There are optional English and Korean subtitles available, which appear below the frame. The new English subtitles are a better translation of the film, but there are still a few grammar and spelling errors.


The extras presented on disc are:

"Filmmakers Documentary Series: Park Sang-ho" documentary (44:57)
Produced by the Korean Film Archive, the documentary traces director Park Sang-ho’s directing career, from how he entered the film industry, working with Shin Sang-ok, his directorial style, and changes the Korean film industry went through in the 1960’s. It features interviews with Park himself, Shin Sang-ok, actresses he had worked with, and film critics. The documentary also features clips of many of his films, and extensively looks at the making of “Tosuni”, “The DMZ”, and the 1967 film “A Child Who Was Born in the Year of Liberation”, among others.
In 1.33:1 non-anamorphic, in Korean with optional English and Korean subtitles.

Image Gallery
Stills from the film
In 1.33:1

32-page Book
The book is half in English and half in Korean featuring film notes, information on the source material, a synopsis, contemporary reviews, the director's notes on the making of the film, and an essay by critic Kim Jong-won. The booklet includes a wealth of information although there seems to be a translation error on the part of the 2 versions of the film. It should be clear that only the shorter version survives.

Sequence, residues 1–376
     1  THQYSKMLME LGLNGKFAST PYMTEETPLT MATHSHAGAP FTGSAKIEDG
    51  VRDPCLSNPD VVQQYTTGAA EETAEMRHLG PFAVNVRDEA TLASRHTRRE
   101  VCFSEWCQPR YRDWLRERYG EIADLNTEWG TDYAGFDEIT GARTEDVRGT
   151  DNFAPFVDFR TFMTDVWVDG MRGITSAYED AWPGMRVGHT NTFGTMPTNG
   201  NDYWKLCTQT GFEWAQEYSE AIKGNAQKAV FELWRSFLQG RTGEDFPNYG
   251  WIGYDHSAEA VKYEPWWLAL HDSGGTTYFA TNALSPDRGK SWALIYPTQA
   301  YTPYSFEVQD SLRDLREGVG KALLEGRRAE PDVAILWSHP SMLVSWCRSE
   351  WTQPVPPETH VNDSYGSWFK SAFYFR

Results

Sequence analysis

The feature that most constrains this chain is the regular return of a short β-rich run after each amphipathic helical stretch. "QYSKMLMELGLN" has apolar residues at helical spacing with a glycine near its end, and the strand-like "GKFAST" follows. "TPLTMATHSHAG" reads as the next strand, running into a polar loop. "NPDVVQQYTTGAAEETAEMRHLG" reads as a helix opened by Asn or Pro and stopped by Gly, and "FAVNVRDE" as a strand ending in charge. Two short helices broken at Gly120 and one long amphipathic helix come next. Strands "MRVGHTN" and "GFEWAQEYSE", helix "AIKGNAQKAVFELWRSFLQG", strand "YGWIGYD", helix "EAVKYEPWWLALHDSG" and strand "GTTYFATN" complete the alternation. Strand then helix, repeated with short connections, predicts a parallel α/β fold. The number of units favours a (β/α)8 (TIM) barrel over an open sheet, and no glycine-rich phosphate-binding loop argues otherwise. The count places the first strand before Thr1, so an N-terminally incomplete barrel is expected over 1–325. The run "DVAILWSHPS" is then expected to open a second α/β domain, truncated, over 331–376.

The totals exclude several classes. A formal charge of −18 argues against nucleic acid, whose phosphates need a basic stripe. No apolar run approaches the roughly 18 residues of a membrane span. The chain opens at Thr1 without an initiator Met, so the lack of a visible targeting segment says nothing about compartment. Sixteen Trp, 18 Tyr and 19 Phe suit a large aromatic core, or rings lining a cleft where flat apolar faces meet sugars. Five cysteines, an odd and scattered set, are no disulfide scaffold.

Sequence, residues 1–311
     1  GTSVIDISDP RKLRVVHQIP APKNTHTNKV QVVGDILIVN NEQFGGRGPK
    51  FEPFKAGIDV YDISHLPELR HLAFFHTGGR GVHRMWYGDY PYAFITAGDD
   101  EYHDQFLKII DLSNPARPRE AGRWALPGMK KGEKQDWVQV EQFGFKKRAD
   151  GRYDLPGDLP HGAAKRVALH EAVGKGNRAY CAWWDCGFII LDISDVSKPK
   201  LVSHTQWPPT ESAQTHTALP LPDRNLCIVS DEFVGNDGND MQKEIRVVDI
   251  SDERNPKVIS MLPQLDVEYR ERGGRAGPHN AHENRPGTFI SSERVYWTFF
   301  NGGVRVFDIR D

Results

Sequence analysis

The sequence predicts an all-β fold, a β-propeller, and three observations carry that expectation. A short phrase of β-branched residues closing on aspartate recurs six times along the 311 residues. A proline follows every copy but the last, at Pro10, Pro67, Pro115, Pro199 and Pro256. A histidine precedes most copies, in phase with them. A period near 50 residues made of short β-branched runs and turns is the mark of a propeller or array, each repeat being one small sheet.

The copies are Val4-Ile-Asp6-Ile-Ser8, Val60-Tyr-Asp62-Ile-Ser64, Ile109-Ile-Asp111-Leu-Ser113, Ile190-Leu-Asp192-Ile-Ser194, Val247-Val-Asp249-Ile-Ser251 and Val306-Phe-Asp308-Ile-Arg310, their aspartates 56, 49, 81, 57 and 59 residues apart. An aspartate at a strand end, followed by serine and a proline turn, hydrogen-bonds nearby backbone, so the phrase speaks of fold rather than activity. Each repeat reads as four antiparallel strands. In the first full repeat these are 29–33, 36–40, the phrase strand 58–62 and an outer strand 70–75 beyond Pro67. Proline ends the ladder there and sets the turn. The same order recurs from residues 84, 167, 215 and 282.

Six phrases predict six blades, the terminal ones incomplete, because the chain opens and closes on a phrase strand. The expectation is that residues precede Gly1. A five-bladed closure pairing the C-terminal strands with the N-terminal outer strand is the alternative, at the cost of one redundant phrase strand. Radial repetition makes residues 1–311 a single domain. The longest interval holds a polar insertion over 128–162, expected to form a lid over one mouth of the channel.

The disc is packaged in a keep case with an outer slipcase. In the slipcase is the 32-page book.


“The DMZ” is an important film within the genre of Korean War films which was sadly forgotten and neglected over time, as were many other Korean films in the 1960’s. Even with the awards and accolades, it was not a hit in its native country, which did not want to see such a bleak look at the war, but its reputation with critics was strong at the time.

Apparently within the Korean Film Archive, a 35mm print of the re-edit version of “The DMZ” is stored, but has not been digitally transferred. Instead they decided to use the existing Beta-SP tape master which is a terrible shame. I hope Korean Film Archive goes back to do a new digital transfer, even if it’s not the original longer version.

The Film: A- Video: D+ Audio: C+ Extras: B Overall: B-